Last night’s Oscars are a turning point. Despite an abundance of great films (read my 2015 roundup of movies here) and stars, the direction is down.
Everything about Hollywood became smaller, more narrow and less glamorous. This started when the Academy, led by president Cheryl Boone Isaacs, reacted to a campaign based on the race of Oscar nominees; she changed the rules to target people based on age and push them out, especially older Academy members who haven’t been as active in the industry. The implication is that those who led the race-based campaign, such as Spike Lee (Malcolm X), are right that the lack of nominees of a certain race is a sign of Hollywood racism. The rule change, which prejudges older members as inherently racist, is an explicit attempt to influence membership and nominations based on sex, race and factors other than one’s work and ability.
Enter host Chris Rock, who is black. He continued to trivialize the Oscars ceremony, which is already diminished and getting smaller in its smallness every year. Rock’s opening monologue is being praised as brilliant but it is simple to see that it isn’t. Billy Crystal coming up with clever integrations of topics, themes and motion pictures in one routine is brilliant—Johnny Carson or Bob Hope whipping through lines about the trends, shifting subcultures and politics of the day is brilliant—but Chris Rock’s single-tracked monologue is far from brilliant. It is crude, blunt and small. Chris Rock is talented, and his work has merit, but by making an entire movie awards show about race, as he set out to do and did, he brought the whole affair, organization and industry down. In fact, he ended the long evening with the line that “black lives matter”.
This predominant idea of seeing everything through race now haunts the event. Is it humorous that Rock joked that Charlize Theron is whiter than Emily Blunt? If so, why is it funny—and is that funny, too? Or does that make it OK? Does race-based humor have boundaries? What is the comedy of a wealthy black comedian going to Compton to show that blacks and whites live segregated lives in 2016? What is the comedy of a wealthy black comedian raising $65,000 at the Oscars for his daughter’s Girl Scouts troop? Is this humor or disgrace? Rock’s going along with Boone Isaacs’ reactionary line to make Oscars all about race minimizes charity, Girl Scouts, Compton, Rihanna, Theron, Blunt, the nominees and serious issues, including racism, rape and lynching. His race routine maximizes those seeking to derail the Oscars. Chris Rock delivered the derailment.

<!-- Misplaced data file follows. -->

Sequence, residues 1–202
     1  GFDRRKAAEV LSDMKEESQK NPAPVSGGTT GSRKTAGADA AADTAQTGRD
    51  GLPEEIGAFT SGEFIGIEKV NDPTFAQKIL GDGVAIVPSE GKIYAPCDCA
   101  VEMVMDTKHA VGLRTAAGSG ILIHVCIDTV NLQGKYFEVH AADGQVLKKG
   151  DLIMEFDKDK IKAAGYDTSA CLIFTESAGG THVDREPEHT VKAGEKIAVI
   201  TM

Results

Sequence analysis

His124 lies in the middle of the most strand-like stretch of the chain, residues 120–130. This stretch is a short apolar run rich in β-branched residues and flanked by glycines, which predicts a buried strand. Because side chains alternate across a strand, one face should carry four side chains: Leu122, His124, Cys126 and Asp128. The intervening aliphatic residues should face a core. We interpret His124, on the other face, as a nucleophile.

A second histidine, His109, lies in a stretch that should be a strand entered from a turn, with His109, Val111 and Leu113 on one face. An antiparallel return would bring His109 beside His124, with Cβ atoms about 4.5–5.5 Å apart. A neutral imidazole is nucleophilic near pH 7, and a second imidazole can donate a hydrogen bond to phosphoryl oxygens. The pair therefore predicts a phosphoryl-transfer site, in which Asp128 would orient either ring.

Last night’s Oscars were innovative in some ways, presenting awards in the sequence in which movies are made, beginning with writing and allowing presenters to read certain script excerpts (which were also projected in screenplay form) as the scene played on screen. I think the thank you scroll is a fine idea, though it was unevenly deployed. Sam Smith surprised with an upset over Lady Gaga for Best Song—then played to the evening’s segregationist theme by making reference to being part of an “LGBT” community—while Chris Rock marginalized the gay singer. The deep politicization of the Oscars was capped by Vice-President Biden, a member of an administration which is forcing a company to make a means of violating its own products. His topic? The wrongness of forcing someone to do something against his will. Biden said he knew that he was “the least qualified man here tonight” and he was. This makes it sadder that it fell to a government official whose administration blamed a movie for an act of war to be among the few to speak in terms of qualifications at a show about awarding the best movies.
The vile and repulsive Mad Max: Fury Road won the most Academy Awards and, in a brief moment of sanity, Spotlight—ironically, a movie about overcoming faith with reason—won Best Picture. Last night’s Oscars were a triumph of smallness, mindlessness and small-mindedness. Some of the best movies were ignored, and some of the best actors were neglected or forgotten, too, such as Sylvester Stallone, who had been strung along only to lose to an actor playing a Communist spy as an innocuous artist in Bridge of Spies, and the late Abe Vigoda (The Godfather) who was absent from the memorial tribute.
The Oscars, as I’ve written many times, are more about glamour than about recognizing ability in pictures. But this is the year that the Oscars became more about race than anything to do with movies. I suspect that Chris Rock’s morally vacant routine means that the irrationality of keeping count by race, sex and other factors will get worse before it gets better.